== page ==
After college, TANSU moved to New York and began working in fashion, a field that she describes as “another performing art,” much like music. TANSU loves fashion – and still has a lot of connections in that world, a must for any future pop star – but she says that “fashion can eat you alive.” She speaks from experience: working for one of the major fashion houses early in her career, she began spending upwards of 15 hours a day chained to her desk, rarely seeing family and friends and burning herself out trying to be an A+ worker. Then Whitney died. The passing of her prime inspiration, someone who had provided solace and connection to her for her entire life, was a wake-up call for TANSU. She realized that Whitney singing for the world was a great, selfless gift, and given that she too had a remarkable voice, it would be selfish if she didn’t try to do the same. From then on, fashion took a backseat to her true passion: music.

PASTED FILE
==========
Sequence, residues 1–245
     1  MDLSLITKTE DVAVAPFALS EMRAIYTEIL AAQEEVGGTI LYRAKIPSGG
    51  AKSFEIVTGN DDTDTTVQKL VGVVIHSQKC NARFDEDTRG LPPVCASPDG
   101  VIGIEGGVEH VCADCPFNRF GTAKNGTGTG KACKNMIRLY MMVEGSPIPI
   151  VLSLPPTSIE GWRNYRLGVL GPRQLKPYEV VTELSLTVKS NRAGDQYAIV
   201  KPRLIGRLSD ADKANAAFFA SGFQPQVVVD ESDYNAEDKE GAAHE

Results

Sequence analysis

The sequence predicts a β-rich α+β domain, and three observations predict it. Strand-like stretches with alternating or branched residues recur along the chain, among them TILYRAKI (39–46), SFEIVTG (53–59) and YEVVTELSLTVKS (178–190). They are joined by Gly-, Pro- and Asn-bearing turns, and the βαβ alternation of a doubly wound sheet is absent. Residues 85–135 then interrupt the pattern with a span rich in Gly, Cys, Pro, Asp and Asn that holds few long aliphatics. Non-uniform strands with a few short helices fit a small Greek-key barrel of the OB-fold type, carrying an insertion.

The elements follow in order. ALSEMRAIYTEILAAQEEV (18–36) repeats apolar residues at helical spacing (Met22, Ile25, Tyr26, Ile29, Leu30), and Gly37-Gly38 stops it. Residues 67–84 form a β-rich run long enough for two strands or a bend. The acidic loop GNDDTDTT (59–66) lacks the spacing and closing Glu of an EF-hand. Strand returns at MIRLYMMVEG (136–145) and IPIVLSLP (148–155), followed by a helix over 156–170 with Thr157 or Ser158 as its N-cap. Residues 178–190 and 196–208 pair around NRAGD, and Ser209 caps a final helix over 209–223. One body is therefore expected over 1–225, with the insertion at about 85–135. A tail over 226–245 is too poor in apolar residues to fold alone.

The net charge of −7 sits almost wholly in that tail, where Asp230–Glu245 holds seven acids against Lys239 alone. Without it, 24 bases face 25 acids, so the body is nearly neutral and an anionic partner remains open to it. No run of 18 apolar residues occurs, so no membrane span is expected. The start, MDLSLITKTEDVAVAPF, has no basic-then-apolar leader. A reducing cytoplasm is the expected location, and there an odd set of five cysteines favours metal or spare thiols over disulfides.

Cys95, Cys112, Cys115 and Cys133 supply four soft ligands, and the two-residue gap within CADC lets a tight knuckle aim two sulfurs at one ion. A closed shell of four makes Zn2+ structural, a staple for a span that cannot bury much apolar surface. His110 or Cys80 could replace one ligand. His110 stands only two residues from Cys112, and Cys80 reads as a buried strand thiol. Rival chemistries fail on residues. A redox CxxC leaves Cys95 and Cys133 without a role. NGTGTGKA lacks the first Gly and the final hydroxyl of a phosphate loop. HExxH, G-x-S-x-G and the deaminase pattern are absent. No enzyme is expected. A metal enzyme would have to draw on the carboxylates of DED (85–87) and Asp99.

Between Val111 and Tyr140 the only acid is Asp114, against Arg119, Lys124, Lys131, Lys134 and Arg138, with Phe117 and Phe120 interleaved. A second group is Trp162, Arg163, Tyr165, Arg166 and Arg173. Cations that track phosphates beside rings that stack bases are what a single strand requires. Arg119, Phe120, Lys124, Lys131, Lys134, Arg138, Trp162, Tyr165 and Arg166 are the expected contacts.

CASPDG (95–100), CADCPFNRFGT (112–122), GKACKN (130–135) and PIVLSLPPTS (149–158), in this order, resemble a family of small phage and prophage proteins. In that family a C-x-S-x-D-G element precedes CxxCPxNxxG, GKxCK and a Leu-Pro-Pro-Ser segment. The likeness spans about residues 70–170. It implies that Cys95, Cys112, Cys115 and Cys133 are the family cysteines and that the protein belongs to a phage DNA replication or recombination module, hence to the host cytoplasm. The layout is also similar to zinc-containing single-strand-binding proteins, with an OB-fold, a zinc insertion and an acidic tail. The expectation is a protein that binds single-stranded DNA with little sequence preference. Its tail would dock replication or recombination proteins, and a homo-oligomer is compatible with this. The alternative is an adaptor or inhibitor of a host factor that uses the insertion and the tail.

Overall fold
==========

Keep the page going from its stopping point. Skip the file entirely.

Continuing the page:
Her debut EP The City, recorded with friend and longtime collaborator Dave Rublin (American Authors), is a chronicle of a life lived well, delivered by a sterling, astounding voice; spanning indie-soul, sparkling pop and hypnotic trap, it’s a brilliantly defined debut for the lifelong musician. The Part One in its title says all you need to know: TANSU has a lot more to say from here.

Working with Dave, who she had met at Berklee, in a handful of different apartments and recording studios, The City slowly took shape. Even when she found herself hamstrung or unmotivated, or when life got in the way, Dave was relentless in pushing her to finish this body of work; their collaboration is one of perfect symbiosis, his sharp musical knowledge a perfect match for her acrobatic voice.